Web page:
Quick Takes: Literature Nobel, U. of Washington Scholarships, Another Flap Over 9/11 Skeptic, College Groups Back Diversity, EPA Compliance, Niagara Suspends 6 Athletes, Robin Hood Studies

October 12, 2006
  • Orhan Pamuk, a Turkish writer, this morning was named winner of the 2006 Nobel Prize in Literature. The Swedish Academy said that Pamuk, who was born and lives in Istanbul, was honored for his "quest for the melancholic soul of his native city" and work in which he has "discovered new symbols for the clash and interlacing of cultures." Pamuk is known for his novels and also for his stands on human rights -- with comments he made about the Armenian genocide leading to his prosecution by Turkish authorities, although the charges were dropped. Pamuk spent several years in the United States, as a researcher at Columbia University and as a writer in residence at the University of Iowa, through its International Writing Program.
  • The University of Washington announced Wednesday that it would start to provide scholarships to cover all tuition and fees for state residents from low-income families. Students will be eligible if their family incomes are at or below 65 percent of the state median income, which is currently 235 percent of the state poverty level. For a family of four, that would reach $46,500. The university expects to support about 5,000 students a year in the program -- of 20 percent of undergraduates
  • Kevin Barrett, a controversial adjunct at the University of Wisconsin at Madison who believes the U.S. government was responsible for 9/11, is in hot water again. This time he is being criticized for an essay in which he wrote "like Bush and the neocons, Hitler and the Nazis inaugurated their new era by destroying an architectural monument and blaming its destruction on their designated enemies." Politicians in Wisconsin are outraged by the comparison between President Bush and Hitler. The Associated Press quoted Barrett as saying Tuesday that he didn't mean to compare Bush and Hitler personally, but was comparing events. He added that "Hitler has a good 20 to 30 IQ points on Bush." The university issued a statement from Provost Patrick Farrell saying that it did not endorse Barrett's views.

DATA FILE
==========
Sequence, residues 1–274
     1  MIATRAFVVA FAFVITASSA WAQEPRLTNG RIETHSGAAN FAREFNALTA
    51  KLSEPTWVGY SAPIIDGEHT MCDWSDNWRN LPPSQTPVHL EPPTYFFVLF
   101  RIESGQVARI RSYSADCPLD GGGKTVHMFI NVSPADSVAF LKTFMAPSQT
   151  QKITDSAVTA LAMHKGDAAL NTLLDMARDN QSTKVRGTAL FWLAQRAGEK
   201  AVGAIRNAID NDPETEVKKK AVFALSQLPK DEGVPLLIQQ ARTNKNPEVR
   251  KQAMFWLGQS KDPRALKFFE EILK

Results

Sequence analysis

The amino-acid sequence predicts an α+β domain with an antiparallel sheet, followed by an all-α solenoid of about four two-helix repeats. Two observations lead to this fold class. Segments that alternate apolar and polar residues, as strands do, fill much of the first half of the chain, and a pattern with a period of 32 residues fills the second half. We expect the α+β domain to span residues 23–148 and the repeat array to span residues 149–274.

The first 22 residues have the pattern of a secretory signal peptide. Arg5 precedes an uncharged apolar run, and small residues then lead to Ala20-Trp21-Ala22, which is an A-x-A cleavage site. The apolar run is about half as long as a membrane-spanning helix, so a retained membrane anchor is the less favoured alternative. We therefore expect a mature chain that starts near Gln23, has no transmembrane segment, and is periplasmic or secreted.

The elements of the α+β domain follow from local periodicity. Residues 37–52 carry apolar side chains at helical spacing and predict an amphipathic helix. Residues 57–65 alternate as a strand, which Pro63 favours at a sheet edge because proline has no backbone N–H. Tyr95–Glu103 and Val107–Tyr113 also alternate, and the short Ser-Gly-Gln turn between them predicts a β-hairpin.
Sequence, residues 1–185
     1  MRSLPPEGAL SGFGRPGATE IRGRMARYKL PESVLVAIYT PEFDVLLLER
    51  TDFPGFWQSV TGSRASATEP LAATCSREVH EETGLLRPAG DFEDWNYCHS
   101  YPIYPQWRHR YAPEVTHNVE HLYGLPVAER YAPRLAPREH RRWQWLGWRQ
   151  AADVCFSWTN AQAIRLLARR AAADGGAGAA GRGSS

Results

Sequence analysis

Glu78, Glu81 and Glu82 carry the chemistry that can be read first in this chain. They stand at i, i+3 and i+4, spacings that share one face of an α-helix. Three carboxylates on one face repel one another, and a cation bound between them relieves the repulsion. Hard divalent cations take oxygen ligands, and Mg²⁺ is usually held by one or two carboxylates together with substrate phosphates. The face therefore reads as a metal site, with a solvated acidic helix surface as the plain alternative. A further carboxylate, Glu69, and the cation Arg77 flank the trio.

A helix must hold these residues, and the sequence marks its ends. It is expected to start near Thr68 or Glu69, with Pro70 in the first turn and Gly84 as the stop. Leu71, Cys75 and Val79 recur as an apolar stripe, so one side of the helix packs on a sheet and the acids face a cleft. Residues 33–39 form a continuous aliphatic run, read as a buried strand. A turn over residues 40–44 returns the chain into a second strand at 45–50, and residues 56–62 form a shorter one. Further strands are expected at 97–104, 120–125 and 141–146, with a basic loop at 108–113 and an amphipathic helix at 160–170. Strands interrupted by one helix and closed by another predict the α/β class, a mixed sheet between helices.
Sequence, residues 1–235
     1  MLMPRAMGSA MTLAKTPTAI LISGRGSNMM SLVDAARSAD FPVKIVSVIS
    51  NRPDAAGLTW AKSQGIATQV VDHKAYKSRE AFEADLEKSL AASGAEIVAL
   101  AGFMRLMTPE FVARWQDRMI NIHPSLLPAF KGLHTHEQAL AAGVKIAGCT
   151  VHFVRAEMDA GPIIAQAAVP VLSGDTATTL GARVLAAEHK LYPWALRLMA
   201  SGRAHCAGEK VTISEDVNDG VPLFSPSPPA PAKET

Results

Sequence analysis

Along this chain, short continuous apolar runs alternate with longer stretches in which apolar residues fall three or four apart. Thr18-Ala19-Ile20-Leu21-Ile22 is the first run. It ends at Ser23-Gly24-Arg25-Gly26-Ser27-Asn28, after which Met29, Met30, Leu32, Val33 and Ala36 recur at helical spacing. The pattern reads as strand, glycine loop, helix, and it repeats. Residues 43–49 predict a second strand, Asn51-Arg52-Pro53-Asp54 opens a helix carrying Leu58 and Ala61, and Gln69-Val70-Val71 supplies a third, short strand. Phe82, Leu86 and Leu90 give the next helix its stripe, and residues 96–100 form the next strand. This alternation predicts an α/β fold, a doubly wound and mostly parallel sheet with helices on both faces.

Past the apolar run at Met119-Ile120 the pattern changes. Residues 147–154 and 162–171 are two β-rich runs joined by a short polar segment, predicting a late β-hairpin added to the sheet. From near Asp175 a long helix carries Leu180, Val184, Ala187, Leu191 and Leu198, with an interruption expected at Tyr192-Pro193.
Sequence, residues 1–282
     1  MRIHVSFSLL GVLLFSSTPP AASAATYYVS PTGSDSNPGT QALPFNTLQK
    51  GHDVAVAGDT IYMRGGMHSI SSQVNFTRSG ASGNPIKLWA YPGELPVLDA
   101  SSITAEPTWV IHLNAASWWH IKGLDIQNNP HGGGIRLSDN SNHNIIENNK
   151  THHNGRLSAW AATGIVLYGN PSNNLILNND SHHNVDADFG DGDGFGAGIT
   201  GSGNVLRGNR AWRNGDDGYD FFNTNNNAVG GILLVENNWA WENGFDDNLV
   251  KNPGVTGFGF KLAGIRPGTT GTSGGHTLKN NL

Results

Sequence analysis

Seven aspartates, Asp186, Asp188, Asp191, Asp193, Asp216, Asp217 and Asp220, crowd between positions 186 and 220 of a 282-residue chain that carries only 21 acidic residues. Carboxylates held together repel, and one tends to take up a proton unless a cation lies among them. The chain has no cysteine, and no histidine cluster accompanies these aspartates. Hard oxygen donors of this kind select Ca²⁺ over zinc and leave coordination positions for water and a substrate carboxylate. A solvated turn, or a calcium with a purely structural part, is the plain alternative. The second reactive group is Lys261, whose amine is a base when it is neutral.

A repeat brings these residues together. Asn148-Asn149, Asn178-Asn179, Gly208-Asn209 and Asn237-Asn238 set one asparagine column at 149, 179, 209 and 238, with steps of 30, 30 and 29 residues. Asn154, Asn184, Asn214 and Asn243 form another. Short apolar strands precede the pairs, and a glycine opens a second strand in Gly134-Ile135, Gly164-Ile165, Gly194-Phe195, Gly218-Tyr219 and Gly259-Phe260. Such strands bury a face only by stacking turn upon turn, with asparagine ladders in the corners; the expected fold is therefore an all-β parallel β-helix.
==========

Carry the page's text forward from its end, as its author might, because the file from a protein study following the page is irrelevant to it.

• The American Council on Education and 20 other higher education groups have filed a brief with the U.S. Supreme Court backing the right of public school districts to consider race and ethnicity when establishing school enrollment patterns. Schools and colleges use very different methods to achieve diversity in their student bodies, and courts have generally applied different standards to determining the constitutionality of those standards, so the Supreme Court cases in which the college groups filed the brief may end up having no immediate impact on colleges. But the college groups argued that many of the principles for supporting diversity in educational settings are similar.
  • The U.S. Environmental Protection Agency plans to create a center aimed at helping colleges and universities to comply with federal environmental laws and regulations, the agency announced Wednesday. In a speech at Washington University in St. Louis, the EPA's administrator, Stephen L. Johnson, said the agency would provide up to $350,000 over five years in a collaboration with the National Association of College and University Business Officers and three other groups: the Campus Consortium for Environmental Excellence; the Campus Safety, Health and Environmental Management Association; and the Association of Higher Education Facilities Officers.
  • Niagara University has suspended six basketball players -- from one to eight games -- who are facing charges that they assaulted one of the university's baseball players in August.
  • In what may be a first, a master's program has been created in Robin Hood studies. The one-year program will be offered, naturally, by Britain's University of Nottingham.
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